Yes, the title is correct, I am new to the Turf Diseases blog. The bloggers who you have been reading over the last couple of years have invited me to contribute to this effort. I sure appreciate the invitation and hope that I can present some useful information to increase your success in managing turfgrass diseases.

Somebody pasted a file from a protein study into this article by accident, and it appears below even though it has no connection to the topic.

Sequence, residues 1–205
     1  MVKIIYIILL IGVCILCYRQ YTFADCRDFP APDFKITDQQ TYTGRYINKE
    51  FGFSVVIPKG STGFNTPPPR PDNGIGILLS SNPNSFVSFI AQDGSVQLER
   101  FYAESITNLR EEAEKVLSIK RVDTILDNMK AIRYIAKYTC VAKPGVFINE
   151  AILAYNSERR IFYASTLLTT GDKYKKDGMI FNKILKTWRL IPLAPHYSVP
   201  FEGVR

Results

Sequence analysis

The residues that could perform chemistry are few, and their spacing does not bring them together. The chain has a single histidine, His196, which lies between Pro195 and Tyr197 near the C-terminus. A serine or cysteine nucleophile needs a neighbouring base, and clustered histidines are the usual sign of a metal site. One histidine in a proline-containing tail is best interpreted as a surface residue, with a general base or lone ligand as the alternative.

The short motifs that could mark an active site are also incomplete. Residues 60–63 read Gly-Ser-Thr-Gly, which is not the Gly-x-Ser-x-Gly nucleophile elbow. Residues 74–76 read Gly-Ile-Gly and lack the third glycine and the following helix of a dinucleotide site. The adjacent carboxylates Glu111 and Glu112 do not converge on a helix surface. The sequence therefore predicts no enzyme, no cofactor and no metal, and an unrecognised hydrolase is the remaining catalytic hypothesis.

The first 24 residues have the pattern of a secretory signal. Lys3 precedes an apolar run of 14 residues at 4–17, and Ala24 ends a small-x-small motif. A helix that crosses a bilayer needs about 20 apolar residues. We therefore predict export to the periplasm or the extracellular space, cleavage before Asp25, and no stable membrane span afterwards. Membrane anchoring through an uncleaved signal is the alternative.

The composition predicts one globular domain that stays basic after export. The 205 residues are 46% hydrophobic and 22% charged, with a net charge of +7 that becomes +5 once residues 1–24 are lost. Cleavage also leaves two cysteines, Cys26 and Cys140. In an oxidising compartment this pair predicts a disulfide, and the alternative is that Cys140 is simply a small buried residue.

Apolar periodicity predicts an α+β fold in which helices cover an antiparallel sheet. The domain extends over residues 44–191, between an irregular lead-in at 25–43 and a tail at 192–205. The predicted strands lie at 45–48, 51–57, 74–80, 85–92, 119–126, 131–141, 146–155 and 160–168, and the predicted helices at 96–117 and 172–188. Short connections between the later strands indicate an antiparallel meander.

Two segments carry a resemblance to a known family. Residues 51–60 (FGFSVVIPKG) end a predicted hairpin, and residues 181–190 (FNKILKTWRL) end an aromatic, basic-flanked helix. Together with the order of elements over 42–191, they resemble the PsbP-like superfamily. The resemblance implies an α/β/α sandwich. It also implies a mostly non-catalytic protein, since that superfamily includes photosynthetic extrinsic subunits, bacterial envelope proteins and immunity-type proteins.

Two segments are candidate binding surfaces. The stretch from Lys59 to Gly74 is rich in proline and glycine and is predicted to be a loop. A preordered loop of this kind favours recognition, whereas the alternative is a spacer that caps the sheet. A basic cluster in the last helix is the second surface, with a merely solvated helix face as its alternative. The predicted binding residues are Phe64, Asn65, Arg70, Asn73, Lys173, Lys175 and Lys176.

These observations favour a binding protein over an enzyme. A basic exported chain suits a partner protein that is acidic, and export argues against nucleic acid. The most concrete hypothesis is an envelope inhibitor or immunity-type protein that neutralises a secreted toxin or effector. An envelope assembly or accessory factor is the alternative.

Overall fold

Before I get into some updates from my area, I wanted to just take some space to introduce myself. I am a native of western New York State (I grew up in the Finger Lakes region). I received my B.S. in Biology from the State University of New York, College at Geneseo (SUNY Geneseo). I then moved to North Carolina and completed my M.S. and Ph.D. degrees in plant pathology from North Carolina State University. I am currently an assistant professor of turfgrass and horticultural crop pathology in the Department of Entomology and Plant Pathology at Oklahoma State University. I have been on the faculty at OSU for 4 years now. I specialize in epidemiology (study of plant disease epidemics and how to control them) and disease forecasting systems for plant diseases. I have developed and/or tweaked several disease advisory systems for various crops including turfgrass (more on that in a future post.) While I am not exclusively a turfgrass pathologist, I spend about 75% of my time diagnosing, studying, and delivering information about turfgrass diseases. I also have responsibilities for other crops such as ornamentals, grapes, pecans, and stone fruits. Some of you might think that all of these responsibilities might hinder my ability to be an expert in the turfgrass pathology field, I would argue otherwise. I believe that my experiences in diagnosing and managing disease of other crops give me a unique perspective when it comes to studying turf diseases and developing recommendations to manage them. I hope that my broad background and knowledge of disease management in many cropping systems will translate to useful information for you in these blogs.